Facing my shame head-on and allowing others to see me as I was, however messy and imperfect that was, gave me the incredible gift of meaningful connection to others. It taught me the depth of real love. This album is an invitation for others to explore their own uncomfortable feelings, and to allow themselves the space to feel them. My story won’t be identical to anyone else’s, but we can all relate to the messages portrayed in these songs. They are songs about the complexity and beauty of relationships, learning to love and accept ourselves, and longing for a sense of belonging or “home”.

I was very blessed to be able to receive funding to record this album shortly after the height of the pandemic. I had all of this time off and the money to be able to put this project together, so I applied all of my creative energy into writing and recording this album. I feel really lucky to have had the opportunity to really make the most of such uncertain times. All of my bandmates brought so much life into these songs and turned them into something far beyond what I’d imagined. I owe a lot of my inspiration and refinement as an artist to the musicians that I work with.

Along with the album, you released a video for your song “Devotion”. Can you tell us about the video?

Devotion is the oldest song on the album. I wrote it when I was 19 and in the throws of a complicated and painful relationship with my dad. At the time, I struggled to let go of my expectations that he would change. I was totally devoted to making him proud and gaining his acceptance, regardless of how many times he had failed to support me emotionally. I think that’s something a lot of people struggle with. No matter how many times our parents let us down or cause us harm, we still crave to feel their love. We want to make them proud.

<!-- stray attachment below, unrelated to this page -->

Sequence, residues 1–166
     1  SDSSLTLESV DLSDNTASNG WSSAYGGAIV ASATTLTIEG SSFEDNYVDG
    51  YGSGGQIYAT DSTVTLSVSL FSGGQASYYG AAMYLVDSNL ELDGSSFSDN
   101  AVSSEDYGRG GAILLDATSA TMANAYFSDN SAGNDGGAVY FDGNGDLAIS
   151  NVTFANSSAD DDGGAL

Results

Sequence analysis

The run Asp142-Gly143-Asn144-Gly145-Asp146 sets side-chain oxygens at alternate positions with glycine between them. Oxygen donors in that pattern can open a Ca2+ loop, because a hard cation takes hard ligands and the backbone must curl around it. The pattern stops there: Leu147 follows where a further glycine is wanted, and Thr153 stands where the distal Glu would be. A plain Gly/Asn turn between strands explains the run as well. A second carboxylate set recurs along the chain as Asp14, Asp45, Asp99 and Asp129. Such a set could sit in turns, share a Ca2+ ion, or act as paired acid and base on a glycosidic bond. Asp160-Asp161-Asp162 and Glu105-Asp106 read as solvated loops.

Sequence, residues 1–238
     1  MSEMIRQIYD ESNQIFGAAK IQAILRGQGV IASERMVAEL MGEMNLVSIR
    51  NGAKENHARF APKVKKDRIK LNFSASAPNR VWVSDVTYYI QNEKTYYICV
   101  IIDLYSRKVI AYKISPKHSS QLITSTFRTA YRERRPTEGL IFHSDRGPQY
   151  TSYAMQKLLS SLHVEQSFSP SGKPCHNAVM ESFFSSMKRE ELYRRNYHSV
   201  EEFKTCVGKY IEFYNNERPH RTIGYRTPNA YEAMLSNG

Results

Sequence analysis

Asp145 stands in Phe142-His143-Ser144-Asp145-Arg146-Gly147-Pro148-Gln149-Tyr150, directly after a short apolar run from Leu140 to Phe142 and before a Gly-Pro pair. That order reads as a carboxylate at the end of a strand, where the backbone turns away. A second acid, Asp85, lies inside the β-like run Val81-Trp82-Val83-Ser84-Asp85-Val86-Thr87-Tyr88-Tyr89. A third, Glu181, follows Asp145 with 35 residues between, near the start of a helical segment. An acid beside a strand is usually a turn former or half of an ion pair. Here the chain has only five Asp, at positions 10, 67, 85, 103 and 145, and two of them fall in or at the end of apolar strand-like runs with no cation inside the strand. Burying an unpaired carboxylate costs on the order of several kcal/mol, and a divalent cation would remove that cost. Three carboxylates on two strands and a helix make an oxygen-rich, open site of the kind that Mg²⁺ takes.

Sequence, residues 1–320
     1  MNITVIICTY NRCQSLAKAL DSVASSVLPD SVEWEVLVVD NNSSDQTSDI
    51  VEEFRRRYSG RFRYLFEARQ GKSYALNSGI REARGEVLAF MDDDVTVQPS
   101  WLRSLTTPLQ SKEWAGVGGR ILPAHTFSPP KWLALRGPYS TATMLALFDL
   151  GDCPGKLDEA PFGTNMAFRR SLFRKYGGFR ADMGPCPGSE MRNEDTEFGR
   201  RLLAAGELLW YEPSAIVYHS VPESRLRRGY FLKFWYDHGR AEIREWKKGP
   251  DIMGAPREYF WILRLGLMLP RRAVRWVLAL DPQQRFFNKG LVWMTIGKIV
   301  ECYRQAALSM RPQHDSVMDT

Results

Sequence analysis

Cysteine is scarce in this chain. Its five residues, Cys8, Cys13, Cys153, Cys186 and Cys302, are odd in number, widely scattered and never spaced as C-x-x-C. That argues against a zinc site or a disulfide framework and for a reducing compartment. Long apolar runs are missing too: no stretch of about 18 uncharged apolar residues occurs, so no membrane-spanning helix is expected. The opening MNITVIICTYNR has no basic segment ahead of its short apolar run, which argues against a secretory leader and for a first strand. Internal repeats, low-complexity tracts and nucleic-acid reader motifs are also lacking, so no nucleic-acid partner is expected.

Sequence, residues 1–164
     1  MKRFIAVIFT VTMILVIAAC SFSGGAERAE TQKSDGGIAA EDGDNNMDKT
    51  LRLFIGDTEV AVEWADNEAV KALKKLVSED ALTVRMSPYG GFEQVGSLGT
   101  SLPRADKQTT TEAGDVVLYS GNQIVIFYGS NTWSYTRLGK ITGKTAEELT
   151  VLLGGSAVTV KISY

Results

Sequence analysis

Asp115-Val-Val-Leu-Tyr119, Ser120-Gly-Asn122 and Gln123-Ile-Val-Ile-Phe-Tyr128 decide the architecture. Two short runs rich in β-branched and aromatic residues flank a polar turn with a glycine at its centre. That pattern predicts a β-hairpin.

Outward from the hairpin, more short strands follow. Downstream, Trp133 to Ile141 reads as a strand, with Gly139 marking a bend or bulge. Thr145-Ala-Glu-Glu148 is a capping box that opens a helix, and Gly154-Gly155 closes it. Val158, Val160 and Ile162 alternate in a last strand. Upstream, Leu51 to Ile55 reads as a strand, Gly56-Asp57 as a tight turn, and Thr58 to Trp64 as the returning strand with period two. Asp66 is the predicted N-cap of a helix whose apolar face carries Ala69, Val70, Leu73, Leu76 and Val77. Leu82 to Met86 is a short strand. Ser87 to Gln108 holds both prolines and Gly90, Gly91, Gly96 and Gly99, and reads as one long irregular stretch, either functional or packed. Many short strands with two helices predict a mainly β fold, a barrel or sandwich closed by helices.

I originally did plan on including the song on the album. I was afraid of what people in my personal life might think. It’s hard to put something that vulnerable out there. My band loved the song from the first time we played it in the studio though, and they encouraged me not to shy away from it. I’d been sitting on this song for years. I needed to get it out there.

I know that many others feel the way that I do. They have so much to say but feel like they can’t say it. That’s why I offered the opportunity for people to submit anonymous letters to their parents to be included in the music video. Each photo expresses something they wish they could say to their parents. I’m really happy with how the video turned out. Being able to express these feelings with so many other people who feel the same way is extremely liberating.

How have you been keeping creative during the pandemic?

I have been writing songs more than I ever have before. A lot of the stuff I’m writing now is more vulnerable and raw. I’ve had a lot of time to feel my feelings and to explore things about myself and my past. That almost always correlates with my ability to create. My main instrument is guitar, but I’ve been tinkering away on my piano a lot more recently. I’ve had more time to develop that skill. I think there could be some piano-driven music coming from me soon!

On top of doing music, I work as a gardener for half of the year. That always really helps flex my creative muscles. When I wasn’t gardening, I took up embroidery for a while and started selling embroidered clothing as merchandise for my music! Having the opportunity to try new crafts has kept me sane in the midst of not being able to perform or see people in person.

Canadian Beats is all about Canadian music, who are your current favourite Canadian bands/ artists?

I really like Dan Mangan. I think he’s a very poetic writer. I listened to Half Moon Run a lot in my adolescence and still love their music now as well. July Talk was one of the best live concerts I’ve ever been to. I think they’ve got a very unique and exciting sound. I just recently discovered Basia Bulat and love her work.